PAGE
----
“Are you kidding?” Tan said. “And give up space?”

Episode 82: Mr. Scampers War by J. S. Bell

Mr. Scampers’ War

by J. S. Bell

An explosion of leaves, a swirl of dust and the fierce jungle cat leaps from the verdant forest and is on the gazelle in one bound. Claws rend and jaws clamp shut. The gazelle dies with a bleat of terror.

“Aw, Scampers, you’re such a cute kitty!” A baby-talking voice rattles the jungle cat, causing him to freeze. “Killing your toy mousy like that. Izzat a fun game?”

The small Lap Servant’s speech impediment continues, thinks the mighty predator. Perhaps it’s a sign of a significant mental defect. Doesn’t she know, this is no game. Life is balanced on a razor’s edge between the ready and the dead.

Mr. Scampers cleans a paw, slightly mussed by the trek through the jungle under the sofa, and considers how best to respond to the Lap Servant. He chooses his default action:  Ignore the human.

Scampers leaves Mousy, drifts into the kitchen and bounds onto the Forbidden Zone, prowling for a tasty morsel, perhaps a bit of bacon, or a small chunk of cheese left unguarded by the Food People. Hmmm. Smells like tuna.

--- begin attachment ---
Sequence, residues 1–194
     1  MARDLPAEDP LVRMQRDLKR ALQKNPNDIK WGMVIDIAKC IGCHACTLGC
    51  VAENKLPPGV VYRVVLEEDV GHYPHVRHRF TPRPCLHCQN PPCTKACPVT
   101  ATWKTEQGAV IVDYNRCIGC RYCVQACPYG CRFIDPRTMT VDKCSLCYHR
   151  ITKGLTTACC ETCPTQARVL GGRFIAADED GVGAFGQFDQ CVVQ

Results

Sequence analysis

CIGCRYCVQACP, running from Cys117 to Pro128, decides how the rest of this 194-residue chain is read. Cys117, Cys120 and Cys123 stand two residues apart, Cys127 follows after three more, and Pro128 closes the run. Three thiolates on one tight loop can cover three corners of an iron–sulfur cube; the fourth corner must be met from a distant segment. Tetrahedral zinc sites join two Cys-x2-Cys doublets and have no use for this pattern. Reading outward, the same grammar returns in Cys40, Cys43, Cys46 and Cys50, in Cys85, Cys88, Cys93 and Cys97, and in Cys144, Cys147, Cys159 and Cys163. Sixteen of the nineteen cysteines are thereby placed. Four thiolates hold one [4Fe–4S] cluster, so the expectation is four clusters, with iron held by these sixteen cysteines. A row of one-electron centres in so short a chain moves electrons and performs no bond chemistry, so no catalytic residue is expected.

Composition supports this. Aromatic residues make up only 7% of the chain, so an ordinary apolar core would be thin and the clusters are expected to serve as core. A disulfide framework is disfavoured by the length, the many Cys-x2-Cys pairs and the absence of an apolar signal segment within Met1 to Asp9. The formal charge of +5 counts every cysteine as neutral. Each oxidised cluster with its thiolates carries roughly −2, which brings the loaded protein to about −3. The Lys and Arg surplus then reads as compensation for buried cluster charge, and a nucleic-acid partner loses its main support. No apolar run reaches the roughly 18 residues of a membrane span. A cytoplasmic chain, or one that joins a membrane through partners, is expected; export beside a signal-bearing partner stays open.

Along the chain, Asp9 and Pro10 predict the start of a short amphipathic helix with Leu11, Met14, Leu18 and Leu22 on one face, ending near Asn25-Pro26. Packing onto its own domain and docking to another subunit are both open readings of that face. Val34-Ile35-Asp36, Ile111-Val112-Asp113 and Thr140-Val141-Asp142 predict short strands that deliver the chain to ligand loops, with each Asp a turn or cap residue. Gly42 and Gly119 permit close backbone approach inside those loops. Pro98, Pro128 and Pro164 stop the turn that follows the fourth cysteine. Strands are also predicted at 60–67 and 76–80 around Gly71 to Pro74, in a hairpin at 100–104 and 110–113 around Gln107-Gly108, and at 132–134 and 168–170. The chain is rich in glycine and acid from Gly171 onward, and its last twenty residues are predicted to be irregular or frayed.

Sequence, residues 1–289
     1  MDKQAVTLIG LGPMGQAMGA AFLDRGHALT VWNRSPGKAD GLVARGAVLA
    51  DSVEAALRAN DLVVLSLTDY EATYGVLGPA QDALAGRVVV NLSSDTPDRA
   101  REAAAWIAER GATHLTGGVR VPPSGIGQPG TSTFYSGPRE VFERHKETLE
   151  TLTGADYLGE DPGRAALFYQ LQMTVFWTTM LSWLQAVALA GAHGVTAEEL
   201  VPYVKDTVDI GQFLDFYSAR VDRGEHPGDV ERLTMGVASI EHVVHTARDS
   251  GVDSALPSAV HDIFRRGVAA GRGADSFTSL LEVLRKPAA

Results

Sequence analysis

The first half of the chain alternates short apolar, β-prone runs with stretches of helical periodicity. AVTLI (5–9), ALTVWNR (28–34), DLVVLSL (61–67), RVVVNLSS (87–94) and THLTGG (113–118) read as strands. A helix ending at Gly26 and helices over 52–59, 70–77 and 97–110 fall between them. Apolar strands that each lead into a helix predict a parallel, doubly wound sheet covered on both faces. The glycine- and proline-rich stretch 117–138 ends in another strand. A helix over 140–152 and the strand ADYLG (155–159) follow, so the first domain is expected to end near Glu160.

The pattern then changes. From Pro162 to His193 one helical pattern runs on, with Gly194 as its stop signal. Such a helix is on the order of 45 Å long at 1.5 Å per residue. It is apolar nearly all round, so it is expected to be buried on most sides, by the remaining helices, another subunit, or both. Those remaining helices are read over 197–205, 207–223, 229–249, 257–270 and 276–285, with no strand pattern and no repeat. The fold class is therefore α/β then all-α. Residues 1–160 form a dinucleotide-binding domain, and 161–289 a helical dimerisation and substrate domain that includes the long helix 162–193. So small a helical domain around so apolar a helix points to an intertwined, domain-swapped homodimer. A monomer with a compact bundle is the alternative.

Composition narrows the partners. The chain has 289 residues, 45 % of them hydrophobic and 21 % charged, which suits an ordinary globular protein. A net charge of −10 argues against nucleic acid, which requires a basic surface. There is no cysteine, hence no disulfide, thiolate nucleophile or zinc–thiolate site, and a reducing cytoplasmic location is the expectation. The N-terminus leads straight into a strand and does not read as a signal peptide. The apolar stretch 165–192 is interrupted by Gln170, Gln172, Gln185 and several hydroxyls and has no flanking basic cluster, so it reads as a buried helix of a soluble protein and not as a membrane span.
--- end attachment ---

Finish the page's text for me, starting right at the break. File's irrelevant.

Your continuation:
“Mr. Scampers,” Food Woman snaps. She is mixing something in a bowl near the sink. “What are you doing up here?”

He looks at her. Is this a trick question?

“Melissa,” Food Woman shouts. “Come get your cat off the counter!”

Before he can follow up on the tantalizing odor, the small Lap Servant plucks him up and carries him back into the den.

“Naughty, Mr. Scampers,” Melissa scolds. She is ten years old and has tried to dress him in doll clothes before. Scampers is wary of her attention. “You know you’re not supposed to be up there.”

“Why?  Is it a dog burial ground?”

“It’s no good you meowing at me.” Lap Servant sits down with him in the Good Chair and starts rubbing under his chin. “Howl all you want, but you’re not to be on the counter. Mommy says you’ll Leave Germs.”

“Group hug!” barks a deep, bass voice.